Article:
As a result of years of recommending lights on /r/flashlight, people have been asking me to write blog posts along the lines of "Best Flashlight for 20XX." Problem is I've never seen a good write up in that style. They are almost always horribly written affiliate content mill pieces. The fundamental purpose of my site is to show that there is a better way of recommending products, and I feel there has to be a better way. So this is my first attempt at breaking that mold: here's what to avoid buying.
Headlamps are possibly the most useful form of illumination technology around. They always put light exactly where you need some. How often have you set a flashlight down, only to find you still needed it a minute later? A headlamp is always with you. And most importantly, they leave both of your hands free. But there are hundreds of headlamps out there. How do you choose the right one for you?
First, think about what the headlamp is used for. I've found that there are two primary use cases:
- Working with your hands in the dark. Stuff like fixing things, cooking food, first aid.
- Moving around in the dark. Hikers, runners, bicyclists.
Your headlamp can be optimized for either of these. Working generally requires a broad, even beam pattern like a flood light. Generically this is described as "floody." Moving requires a lighting up things further away, with a tighter more focused beam. This is commonly described as "throwy." Every once in a while you find headlamps that are good at both. Having the wrong sort is extremely frustrating. Using a tightly focused beam up close is counterproductive. The small bright spotlight bounces back to blind you and makes it difficult to see anything outside that point. Using a floody beam at range means you have to run the light at turbo and the battery runs down quickly. For example, Outdoor Gear Lab kind of slammed the excellent Zebralight H602 because it is a short range floody light, and for night hiking they wanted a throwier model.
Camping is one of the tricker cases. A throwy light makes it easier to find the next trail marker, but a floody light is more useful for chores around camp. Good headlamp designers know this and there are headlamps with dual emitters for both flood and throw. Keep an eye open for them. Some headlamps offer flip-down diffusers. These are more fragile and produce an uglier beam, but are extremely handy. The next best thing is to get a headlamp with a tight beam and make a simple diffuser from a chunk of plastic milk jug or other translucent material.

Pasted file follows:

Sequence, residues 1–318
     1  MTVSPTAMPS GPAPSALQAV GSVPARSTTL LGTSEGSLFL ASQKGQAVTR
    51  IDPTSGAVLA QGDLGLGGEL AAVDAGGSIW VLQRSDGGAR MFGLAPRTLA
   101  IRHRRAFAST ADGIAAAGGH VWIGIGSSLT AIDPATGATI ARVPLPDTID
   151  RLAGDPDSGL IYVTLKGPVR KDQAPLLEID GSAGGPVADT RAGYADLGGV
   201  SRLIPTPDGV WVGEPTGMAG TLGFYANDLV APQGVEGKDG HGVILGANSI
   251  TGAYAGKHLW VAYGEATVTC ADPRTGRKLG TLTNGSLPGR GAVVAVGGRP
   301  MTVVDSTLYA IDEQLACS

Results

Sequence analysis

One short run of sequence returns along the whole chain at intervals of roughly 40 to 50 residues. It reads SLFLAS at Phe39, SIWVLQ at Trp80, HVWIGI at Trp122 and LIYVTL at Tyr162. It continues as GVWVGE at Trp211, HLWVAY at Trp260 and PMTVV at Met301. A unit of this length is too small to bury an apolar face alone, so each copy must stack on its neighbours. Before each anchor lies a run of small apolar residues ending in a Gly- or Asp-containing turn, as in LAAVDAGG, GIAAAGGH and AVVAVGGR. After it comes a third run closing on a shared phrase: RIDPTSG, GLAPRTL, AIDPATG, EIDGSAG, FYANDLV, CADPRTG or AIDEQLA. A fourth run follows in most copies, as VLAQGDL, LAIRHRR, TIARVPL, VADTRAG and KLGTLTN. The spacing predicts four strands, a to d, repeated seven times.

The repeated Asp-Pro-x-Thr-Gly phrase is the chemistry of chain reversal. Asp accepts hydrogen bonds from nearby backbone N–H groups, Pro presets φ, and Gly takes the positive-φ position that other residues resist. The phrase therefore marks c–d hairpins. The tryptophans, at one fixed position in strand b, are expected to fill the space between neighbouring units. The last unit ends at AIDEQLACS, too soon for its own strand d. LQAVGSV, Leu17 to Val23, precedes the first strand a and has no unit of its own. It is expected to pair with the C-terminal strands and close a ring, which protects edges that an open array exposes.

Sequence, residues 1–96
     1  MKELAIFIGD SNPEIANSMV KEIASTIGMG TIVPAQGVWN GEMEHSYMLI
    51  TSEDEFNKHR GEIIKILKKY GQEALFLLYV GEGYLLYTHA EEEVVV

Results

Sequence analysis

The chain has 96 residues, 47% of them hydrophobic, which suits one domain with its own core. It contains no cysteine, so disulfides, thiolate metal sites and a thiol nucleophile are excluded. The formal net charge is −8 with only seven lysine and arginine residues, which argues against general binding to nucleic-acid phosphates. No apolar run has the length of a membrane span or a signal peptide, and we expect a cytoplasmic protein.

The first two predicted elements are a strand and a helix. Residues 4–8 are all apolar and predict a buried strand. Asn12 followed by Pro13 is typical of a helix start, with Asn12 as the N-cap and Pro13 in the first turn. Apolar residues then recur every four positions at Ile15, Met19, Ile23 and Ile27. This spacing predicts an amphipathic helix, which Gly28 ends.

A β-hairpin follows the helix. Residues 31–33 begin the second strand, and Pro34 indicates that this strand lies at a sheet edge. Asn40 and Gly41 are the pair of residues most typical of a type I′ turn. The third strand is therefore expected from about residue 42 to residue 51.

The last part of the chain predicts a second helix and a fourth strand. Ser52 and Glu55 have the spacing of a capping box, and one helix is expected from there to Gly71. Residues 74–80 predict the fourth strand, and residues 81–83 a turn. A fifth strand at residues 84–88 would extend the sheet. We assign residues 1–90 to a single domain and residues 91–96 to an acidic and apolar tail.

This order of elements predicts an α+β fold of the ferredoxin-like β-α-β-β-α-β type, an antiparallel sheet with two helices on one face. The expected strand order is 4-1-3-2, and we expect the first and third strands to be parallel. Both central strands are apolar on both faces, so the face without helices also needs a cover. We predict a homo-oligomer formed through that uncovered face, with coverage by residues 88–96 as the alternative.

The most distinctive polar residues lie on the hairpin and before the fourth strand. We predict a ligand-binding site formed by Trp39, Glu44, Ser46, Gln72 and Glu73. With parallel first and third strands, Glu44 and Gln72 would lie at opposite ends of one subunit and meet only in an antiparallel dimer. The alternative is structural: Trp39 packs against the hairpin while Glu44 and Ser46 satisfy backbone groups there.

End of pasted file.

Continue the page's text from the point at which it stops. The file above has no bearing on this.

Some general observations: 50 lumens in a throwy headlamp is usually enough on the trails, with the occasional full-power burst for scouting. 10 lumens in the same headlamp will be plenty for getting around camp. Sub-lumen modes are sufficient for reading at night. Bicycling will need 300-500 lumens. For a floody work headlamp, the magic number to keep in mind is 150-300 lumens. Around that output, the light will be as bright as the late afternoon sun. Or at least it will be that bright within arm's length. You'll be able to work as quickly as you can in broad daylight. Of course it is possible to get by with less, but you'll be moving slower and more carefully. Any more than 500 lumens isn't really necessary.
I could write an entire post just about this, but multicolored beams are a useless gimmick. The only place they make sense are for specific military applications. "Red is good for night vision" is a myth the same way that "carrots are good for night vision" is a myth. So if you care about preserving night vision, look for a light with a sub-lumen firefly mode. There is also a myth that red is better for battery life. This is blatantly false when comparing specs. Across all of the flashlights that I know of, red consistently performs at half the runtime of dim white.
Headlamps are typically used for extended periods of time, so it is advisable to choose a shade of white light that is easy on the eyes. The best options on the market now are neutral white or high CRI. These tints of white have a lower blue component and a more even spectrum. Colors look more natural. After experiencing good tint it can be hard to go back to the harsh blueish actinic light that is common in cheap LEDs.
Ultralight Hat Lights
I see a lot of questions about these. Hat lights are lightweight flashlights with a clip designed to fit the brim of a baseball cap. There are two general styles of hatlight: those that are designed to be a hatlight, and those which are a normal small flashlight that happens to have a reversible clip. The dedicated hatlights typically have bad LEDs with ugly blueish tint and poor runtimes. I still pack a small one in every first aid kit because there are times when any light at all is crucial.